Mentions: While anti-FLAG Fabs disassemble FLAG-tag cages, they differ from Hsc70 since they can't actively cycle from released triskelia to cages. Auxilin loads Hsc70 on cages in preference to triskelia both because cages present a higher density and/or better positioning of binding sites for the multiple clathrin binding motifs on the auxilin molecule43, and because cage architecture places auxilin closer to Hsc70 binding sites23,44. Hsp110, the NEF in this system, stimulates disassembly when Hsc70 is limiting (fig. 6A) by unloading Hsc70 from triskelia38, but when Hsc70 isn't limiting, high concentrations of Hsp110 inhibit disassembly by also unloading Hsc70 from cages (fig. 6B). It is similarly seen that Hsp70-mediated protein disaggregation reactions are usually optimally stimulated by low Hsp110 concentrations9,45,46, an observation that may be explained by invoking the role of geometry in the entropic pulling/pushing model. In this model, the role of the J co-chaperone isn't simply to load the Hsp70 onto substrate, but to load it onto substrate at an optimal position: close to a wall where entropic pulling/pushing forces are greatest (fig. 8, step 1). Collisions/repulsion between the wall and Hsp70 push the two apart, but as predicted by the entropic pulling/pushing model and validated by our observations of the effects of shifting the Hsc70 binding sites in the clathrin cage, these pushing forces diminish with distance (fig. 8, step 2). The reaction may stall if this distal Hsp70 sterically blocks loading of another Hsp70 at the more forcefully productive position, near the wall. The role of the NEF in the cycle is to unload the Hsp70 from the non-productive position (step 3), but high NEF concentrations can be inhibitory if they begin to also unload Hsp70s from productive positions. In addition, if the substrate is recalcitrant and does not yield to the force of single Hsp70s (e.g., clathrin cages at pH 6 vs. pH 6.8) then the Hsp70 will remain close to the J co-chaperone, allowing the latter to exploit the self-association properties of the chaperone to load additional Hsp70s onto the first to augment the forces (step 1b). While this model doesn't argue that Hsp110 cannot contribute to disaggregation via other mechanisms47, it can account for the observed Hsp110 concentration dependence and can explain how the established functions of J co-chaperones and NEFs in, respectively, loading and unloading of substrates in the Hsp70 chemical cycle, are harnessed in a mechanical cycle to generate the forces by which Hsp70s move and transform their substrates.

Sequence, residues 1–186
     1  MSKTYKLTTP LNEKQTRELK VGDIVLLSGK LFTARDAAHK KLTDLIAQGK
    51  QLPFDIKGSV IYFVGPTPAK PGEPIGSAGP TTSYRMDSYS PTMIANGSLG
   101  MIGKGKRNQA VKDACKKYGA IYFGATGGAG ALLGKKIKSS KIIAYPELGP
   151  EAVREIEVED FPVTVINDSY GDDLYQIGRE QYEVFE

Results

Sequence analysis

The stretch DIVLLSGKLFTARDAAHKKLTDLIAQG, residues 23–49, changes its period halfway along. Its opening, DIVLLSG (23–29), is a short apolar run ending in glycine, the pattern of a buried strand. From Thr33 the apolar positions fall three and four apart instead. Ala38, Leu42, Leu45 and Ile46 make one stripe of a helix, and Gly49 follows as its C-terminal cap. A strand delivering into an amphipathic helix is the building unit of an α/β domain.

Clathrin Coat Disassembly Illuminates the Mechanisms of Hsp70 Force Generation